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Anyone have a depth perception eye problem?

dannius

Prominent Member
Does anyone on the forums have a problem with depth perception?

The reason I ask is that I am going on an advanced driving course in a couple of weeks and I know they will be testing my eyes prior to the course. Part of the test is a depth perception test.

Pre-empting this I have been to the opticians today and had an eye test. Now I know I am slightly long sighted in my right eye, but also that my left eye is perfect so they compensate for each other. Therefore I do not need glasses, the optician said my vision is almost perfect.

Now the issue is that I requested a depth perception test, and have found that I cannot pass the test. It's basically one of them tests where you look at a number of images and some of them should appear to "stand out", 3D style. Unfortunately none of them stood out for me! Apparently this is not a big deal, but it is also something which cannot be corrected with glasses.

The problem is I am not sure if this will stop me from taking part in the course. As part of the course I will be driving at high speeds and overtaking cars, I do not know how serious they will see this depth perception issue. I mean, I've been driving for 12 years already with no issues!!

Does anyone have this problem and can comment? Should I get a second opinion on it, to see if another optitian says it is correctable?

I'm seriously worried this could affect my career......... :(

This c
 

Nick_UK

Banned
I know this may sound brutal, but these requirements must be set for a reason, so maybe if you fail the test, it might be in the interests of both your safety and everyone else's. Good luck, anyway.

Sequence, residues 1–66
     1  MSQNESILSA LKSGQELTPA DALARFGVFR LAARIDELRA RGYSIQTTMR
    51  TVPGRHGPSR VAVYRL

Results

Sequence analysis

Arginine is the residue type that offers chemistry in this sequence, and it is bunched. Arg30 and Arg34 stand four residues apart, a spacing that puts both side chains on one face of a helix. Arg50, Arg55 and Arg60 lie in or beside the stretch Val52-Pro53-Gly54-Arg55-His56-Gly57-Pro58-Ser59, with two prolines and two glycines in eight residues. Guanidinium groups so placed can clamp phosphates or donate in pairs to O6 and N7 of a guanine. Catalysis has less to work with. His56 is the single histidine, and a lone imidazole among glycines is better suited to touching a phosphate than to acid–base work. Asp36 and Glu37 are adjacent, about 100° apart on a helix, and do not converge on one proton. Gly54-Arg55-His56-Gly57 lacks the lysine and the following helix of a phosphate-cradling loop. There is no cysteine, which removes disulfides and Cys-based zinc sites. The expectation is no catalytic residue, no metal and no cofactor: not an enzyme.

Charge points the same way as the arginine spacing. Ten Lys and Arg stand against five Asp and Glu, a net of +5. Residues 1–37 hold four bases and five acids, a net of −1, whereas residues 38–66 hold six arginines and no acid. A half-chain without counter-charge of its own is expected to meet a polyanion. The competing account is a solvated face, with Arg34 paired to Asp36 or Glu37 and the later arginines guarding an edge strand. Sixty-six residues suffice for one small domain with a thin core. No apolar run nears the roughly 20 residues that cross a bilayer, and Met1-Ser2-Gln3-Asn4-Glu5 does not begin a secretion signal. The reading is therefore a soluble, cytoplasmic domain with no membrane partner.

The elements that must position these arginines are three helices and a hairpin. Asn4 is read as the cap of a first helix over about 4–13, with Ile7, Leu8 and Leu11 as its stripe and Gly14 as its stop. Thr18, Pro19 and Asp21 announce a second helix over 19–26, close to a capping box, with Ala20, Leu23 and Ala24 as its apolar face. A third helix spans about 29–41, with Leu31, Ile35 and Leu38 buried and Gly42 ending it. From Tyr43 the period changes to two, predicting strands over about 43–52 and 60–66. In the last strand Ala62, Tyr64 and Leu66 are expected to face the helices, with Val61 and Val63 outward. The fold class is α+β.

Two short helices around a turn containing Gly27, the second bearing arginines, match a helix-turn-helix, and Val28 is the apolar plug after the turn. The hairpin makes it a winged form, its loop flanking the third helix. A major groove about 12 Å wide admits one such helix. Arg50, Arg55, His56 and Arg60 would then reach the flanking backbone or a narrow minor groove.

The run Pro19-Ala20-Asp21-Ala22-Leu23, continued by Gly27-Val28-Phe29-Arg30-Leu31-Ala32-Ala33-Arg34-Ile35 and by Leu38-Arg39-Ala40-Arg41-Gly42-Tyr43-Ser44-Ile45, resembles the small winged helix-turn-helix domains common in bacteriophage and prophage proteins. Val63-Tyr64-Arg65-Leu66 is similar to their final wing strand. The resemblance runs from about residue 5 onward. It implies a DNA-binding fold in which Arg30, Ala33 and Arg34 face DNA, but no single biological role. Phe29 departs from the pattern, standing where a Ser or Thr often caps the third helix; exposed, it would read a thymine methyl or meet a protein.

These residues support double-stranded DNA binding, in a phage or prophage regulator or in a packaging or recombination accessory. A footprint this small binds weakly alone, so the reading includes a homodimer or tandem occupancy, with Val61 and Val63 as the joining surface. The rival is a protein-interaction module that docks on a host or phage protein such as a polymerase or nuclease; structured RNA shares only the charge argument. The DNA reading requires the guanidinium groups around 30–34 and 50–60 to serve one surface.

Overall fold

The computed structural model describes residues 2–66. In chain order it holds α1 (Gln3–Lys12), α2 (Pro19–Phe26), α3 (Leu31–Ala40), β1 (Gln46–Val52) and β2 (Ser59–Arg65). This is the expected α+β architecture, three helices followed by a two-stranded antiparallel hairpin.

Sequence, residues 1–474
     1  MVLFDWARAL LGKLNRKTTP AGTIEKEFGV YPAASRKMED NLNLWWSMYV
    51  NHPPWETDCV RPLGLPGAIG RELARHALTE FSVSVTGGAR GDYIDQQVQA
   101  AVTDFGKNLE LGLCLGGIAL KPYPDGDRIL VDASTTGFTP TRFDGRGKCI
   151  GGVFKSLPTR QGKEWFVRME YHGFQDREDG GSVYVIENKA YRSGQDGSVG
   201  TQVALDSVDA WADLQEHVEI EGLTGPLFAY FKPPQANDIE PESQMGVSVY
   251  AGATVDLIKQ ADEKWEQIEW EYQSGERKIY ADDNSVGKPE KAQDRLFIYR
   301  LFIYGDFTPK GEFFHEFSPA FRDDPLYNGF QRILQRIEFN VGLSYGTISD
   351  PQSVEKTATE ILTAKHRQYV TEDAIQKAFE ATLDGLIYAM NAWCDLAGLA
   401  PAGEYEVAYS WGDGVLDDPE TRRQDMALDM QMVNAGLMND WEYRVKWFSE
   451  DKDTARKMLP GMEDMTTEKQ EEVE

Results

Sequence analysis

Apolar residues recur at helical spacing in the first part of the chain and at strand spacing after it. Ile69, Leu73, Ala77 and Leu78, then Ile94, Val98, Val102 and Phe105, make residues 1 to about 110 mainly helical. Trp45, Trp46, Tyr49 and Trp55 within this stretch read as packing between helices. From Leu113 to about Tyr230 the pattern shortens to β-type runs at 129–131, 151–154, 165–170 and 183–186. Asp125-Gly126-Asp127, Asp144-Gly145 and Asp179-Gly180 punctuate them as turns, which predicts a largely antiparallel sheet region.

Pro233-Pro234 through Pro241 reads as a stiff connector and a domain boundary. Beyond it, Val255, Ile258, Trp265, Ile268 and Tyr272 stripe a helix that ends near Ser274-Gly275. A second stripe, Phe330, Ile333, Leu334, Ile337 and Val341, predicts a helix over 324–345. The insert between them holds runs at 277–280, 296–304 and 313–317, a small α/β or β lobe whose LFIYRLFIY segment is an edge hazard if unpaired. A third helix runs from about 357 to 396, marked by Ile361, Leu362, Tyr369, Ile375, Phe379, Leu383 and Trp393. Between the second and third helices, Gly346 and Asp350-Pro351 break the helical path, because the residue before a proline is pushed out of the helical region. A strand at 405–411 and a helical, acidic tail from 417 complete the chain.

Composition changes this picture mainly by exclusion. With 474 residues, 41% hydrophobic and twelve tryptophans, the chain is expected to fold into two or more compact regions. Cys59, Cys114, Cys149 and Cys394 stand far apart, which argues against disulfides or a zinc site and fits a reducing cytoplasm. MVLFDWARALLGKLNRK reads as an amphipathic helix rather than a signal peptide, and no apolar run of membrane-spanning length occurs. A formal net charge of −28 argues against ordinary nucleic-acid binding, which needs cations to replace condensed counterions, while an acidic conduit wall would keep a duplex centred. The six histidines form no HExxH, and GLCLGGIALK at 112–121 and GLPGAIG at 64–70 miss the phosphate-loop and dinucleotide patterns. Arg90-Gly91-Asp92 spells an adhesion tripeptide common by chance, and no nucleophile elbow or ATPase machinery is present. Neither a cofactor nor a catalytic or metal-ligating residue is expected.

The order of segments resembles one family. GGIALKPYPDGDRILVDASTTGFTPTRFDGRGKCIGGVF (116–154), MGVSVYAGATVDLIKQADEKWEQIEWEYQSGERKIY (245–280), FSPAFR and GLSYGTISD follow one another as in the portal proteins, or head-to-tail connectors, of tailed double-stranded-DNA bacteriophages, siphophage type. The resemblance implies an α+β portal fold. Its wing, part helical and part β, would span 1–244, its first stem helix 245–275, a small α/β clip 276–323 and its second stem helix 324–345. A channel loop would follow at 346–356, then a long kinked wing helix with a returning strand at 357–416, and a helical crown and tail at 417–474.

dannius

Prominent Member
I do see your point Nick.

It's funny, the optician said to me they only normally carry out the depth perception test on children. In fact the glasses she had to put on me to carry out the test wouldn't even fit on my head!
 

hufartd

Established Member
Are you sure the glasses wouldn't fit on your head?
Or were they just very far away :rotfl: :rotfl: :rotfl:

Hope all goes well though, IMO driving courses should be compulsory every five years or so.
Been on two in the last eight years they really wake you up to your bad habits.
 

IronGiant

Moderator
Have you considered that a depth perception test designed for children might not work on adults, especially if the glasses didn't fit?

To DIY test depth perception hold out your left hand a foot or so from your face with the index finger extended and pointing to the right. Close your left eye and swiftly bring up your right hand and touch your index fingers together. Try again with your right eye shut and your right finger held still, swiftly bringing up your left hand. Chances are you will miss both times as you require binocular vision for depth perception. Repeat the whole performance but with both eyes open. If you touch fingers you have depth perception :thumbsup:

Hope this helps.

Dave
 

pringtef

Established Member
I do tend to find that after a few pints i often mistake a dog for a fox, but i thought that was a common ailment.....